Disconnect between elites and the rest in Germany: Is it legitimate to criticize diaspora Jews for the behavior of Israel?

The World Jewish Congress expressed its displeasure at the turnout for a demonstration against anti-Semitism in Germany thusly:

Germany’s entire political elite has gathered in Berlin to demonstrate against anti-Semitism. The protest adds 6,000 people to the campaign. But it is far from enough, says DW’s Editor-in-Chief Alexander Kudascheff.

It is a clear signal — 6,000 people have gathered in Berlin to protest against anti-Semitism. Only 6,000. No more.

In 1992, over one million Germans held candle-light vigils in cities, villages and communities across the country to speak out against racism. That was at a time when right-wing hate was countered with demonstrative and imposing force.

But this time, 6,000 people have spoken out. That includes Germany’s entire political elite. The president. The chancellor. Ministers. Unionists. The Protestant and Catholic churches. They all gathered on Sunday to make a clear statement against anti-Semitism – upon invitation from the Central Council of Jews in Germany, since no initiative came from within society, from within Germany itself. That is quite disgraceful, as is the small number of participants.

This disconnect between elites and everyone else is likely a real problem for Jews throughout the West and increasingly so. Jewish influence has always been a top-down phenomenon. Jews as an elite throughout the West have a strong track record of being able to dominate elite discourse by eliminating or marginalizing media figures or politicians who call attention to Jewish power or are critical of Jewish power or Israel (see below). One gets the impression that it was de rigueur for German elites to show up for the demonstration and that any no-shows would be in danger of their political lives. But one has the feeling that no one’s heart is in it, least of all for the great mass of people who stayed away.

Obviously, this calls for a totalitarian solution in which crowds are rounded up and ordered to be enthusiastic on pain of dire consequences!

The problem is that the organized Jewish community presents itself as the ultimate victim at the same time that Israel’s brutality toward the Palestinians is there for everyone to see. The statement continues:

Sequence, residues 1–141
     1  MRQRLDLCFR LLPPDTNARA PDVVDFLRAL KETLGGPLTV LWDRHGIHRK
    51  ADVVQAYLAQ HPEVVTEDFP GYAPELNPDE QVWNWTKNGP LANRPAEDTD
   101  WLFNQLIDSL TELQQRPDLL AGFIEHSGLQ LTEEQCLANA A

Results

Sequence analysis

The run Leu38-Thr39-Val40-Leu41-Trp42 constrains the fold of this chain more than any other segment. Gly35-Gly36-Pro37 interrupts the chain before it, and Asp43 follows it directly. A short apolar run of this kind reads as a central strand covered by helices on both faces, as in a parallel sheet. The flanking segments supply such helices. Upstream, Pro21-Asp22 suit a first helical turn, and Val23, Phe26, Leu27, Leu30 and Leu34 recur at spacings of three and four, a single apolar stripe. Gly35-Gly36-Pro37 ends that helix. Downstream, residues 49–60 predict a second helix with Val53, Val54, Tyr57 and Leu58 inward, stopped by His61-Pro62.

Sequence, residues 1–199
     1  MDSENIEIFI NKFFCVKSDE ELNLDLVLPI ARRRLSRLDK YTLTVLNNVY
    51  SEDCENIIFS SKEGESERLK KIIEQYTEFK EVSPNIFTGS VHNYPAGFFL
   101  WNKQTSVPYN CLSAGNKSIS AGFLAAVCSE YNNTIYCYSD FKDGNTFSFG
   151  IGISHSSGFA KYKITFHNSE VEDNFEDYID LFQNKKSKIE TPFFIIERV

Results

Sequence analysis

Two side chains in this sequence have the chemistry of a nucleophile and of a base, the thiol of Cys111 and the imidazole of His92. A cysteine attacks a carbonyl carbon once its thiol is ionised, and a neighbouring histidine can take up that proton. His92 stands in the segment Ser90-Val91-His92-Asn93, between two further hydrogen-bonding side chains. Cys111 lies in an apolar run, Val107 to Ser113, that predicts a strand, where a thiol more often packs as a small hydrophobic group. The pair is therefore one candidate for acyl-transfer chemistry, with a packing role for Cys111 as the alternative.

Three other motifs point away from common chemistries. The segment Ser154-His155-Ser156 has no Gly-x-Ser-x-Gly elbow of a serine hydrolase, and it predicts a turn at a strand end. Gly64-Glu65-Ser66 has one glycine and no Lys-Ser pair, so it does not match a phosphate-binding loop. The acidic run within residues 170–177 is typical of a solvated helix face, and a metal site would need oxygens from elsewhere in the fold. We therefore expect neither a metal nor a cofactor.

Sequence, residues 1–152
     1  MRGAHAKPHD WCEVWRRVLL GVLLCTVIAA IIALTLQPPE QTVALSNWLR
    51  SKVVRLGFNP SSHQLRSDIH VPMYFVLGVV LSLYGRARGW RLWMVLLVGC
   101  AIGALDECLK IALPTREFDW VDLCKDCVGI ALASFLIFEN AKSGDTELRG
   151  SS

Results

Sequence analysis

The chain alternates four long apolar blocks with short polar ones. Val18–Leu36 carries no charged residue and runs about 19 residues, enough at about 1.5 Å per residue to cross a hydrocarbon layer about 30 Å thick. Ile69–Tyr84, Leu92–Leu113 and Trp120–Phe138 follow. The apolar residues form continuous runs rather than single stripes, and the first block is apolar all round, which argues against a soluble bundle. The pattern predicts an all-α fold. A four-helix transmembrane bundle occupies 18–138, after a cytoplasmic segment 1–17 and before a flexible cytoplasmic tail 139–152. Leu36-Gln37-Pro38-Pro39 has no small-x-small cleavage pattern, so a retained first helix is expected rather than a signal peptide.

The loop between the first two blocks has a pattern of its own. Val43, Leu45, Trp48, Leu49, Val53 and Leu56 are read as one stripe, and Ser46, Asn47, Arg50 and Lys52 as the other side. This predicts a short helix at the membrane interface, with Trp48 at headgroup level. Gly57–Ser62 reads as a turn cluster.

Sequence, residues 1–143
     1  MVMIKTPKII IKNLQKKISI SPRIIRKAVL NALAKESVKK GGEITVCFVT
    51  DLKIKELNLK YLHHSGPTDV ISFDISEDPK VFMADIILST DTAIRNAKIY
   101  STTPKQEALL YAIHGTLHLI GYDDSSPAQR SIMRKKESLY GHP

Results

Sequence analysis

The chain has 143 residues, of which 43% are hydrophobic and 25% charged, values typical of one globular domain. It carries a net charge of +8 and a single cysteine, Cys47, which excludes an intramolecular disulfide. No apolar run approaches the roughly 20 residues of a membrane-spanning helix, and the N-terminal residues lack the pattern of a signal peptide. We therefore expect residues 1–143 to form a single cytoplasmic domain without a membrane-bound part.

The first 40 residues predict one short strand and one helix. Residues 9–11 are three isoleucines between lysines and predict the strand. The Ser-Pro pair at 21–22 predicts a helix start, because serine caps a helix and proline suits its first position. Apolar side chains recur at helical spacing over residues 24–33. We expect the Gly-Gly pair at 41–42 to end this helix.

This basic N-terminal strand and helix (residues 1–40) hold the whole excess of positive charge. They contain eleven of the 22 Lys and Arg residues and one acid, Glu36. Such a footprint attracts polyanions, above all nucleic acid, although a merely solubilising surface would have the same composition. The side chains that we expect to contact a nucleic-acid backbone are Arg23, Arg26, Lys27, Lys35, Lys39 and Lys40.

It is undeniable that there is a discrepancy in how Jews are perceived, especially in what people think of Israel. The German public has become distinctly more critical of Israel than the government. And behind this legitimate critical view of Israel, there are still archaic anti-Semitic resentments lurking — displayed on the streets by Muslim immigrants, spread on the Internet by “normal” Germans at the center of German society.

Again the disconnect between elites (the government) and the rest of the population. The strategy pursued by the organized Jewish community is to acknowledge that it is reasonable to criticize Israel while demanding that Israeli behavior have no effect on how Germans and others see diaspora Jews.

There is a certain logic to this, since not all Jews support the Israel Lobby or Israeli behavior. But it perhaps asking too much to expect people make such distinctions when the pro-Israel faction has such a dominant stature among diaspora Jews and is so powerful in influencing government policy toward Israel and the rest of the Middle East.

Another recent example that raises this issue is the resignation of Bruce Shipman as Yale Episcopal Chaplain. Shipman wrote the following letter in response to an op-ed  written by that paragon of balance and probity, Deborah Lipstadt whose article was deemed worthy of appearing in the New York Times:

Deborah E. Lipstadt makes far too little of the relationship between Israel’s policies in the West Bank and Gaza and growing anti-Semitism in Europe and beyond.

The trend to which she alludes parallels the carnage in Gaza over the last five years, not to mention the perpetually stalled peace talks and the continuing occupation of the West Bank.

As hope for a two-state solution fades and Palestinian casualties continue to mount, the best antidote to anti-Semitism would be for Israel’s patrons abroad to press the government of Prime Minister Benjamin Netanyahu for final-status resolution to the Palestinian question.

Groton, Conn., Aug. 21, 2014

The writer is the Episcopal chaplain at Yale.

Shipman’s sin was not only to suppose that Israeli behavior has something to do with rising anti-Semitism in “Europe and beyond,” but to imply that such a linkage was rational. Notice that Shipman restricted his comments to diaspora Jews who are enabling and approving Israeli behavior — “Israel’s patrons.” Certainly it’s reasonable to oppose these enablers, and he did not mention all Jews.

No matter. Despite some groveling, he was forced out of his position, yet another casualty of the scorched earth policy of removing critics of Israel from elite institutions. (It’s not that long ago that Yale was a stronghold of the American Protestant elite, but now an Episcopal minister is purged because he offended the Jews by making reasonable statements implying a connection between some American Jews and Israeli behavior.)

So we should add one another must-believe fiction to the many others that are articles of faith in the West on pain of severe sanctions (such as “Jews in the media do not act as Jews,” or the ADL’s slogan: “diversity is our strength” [n.b., applicable only to the West and certainly not Israel]): There is absolutely no connection between diaspora Jews and the behavior of the Israeli government, and anyone who makes any connection between diaspora Jews and the behavior of the Israeli government is guilty of the crime of anti-Semitism.

Believe it, or else.

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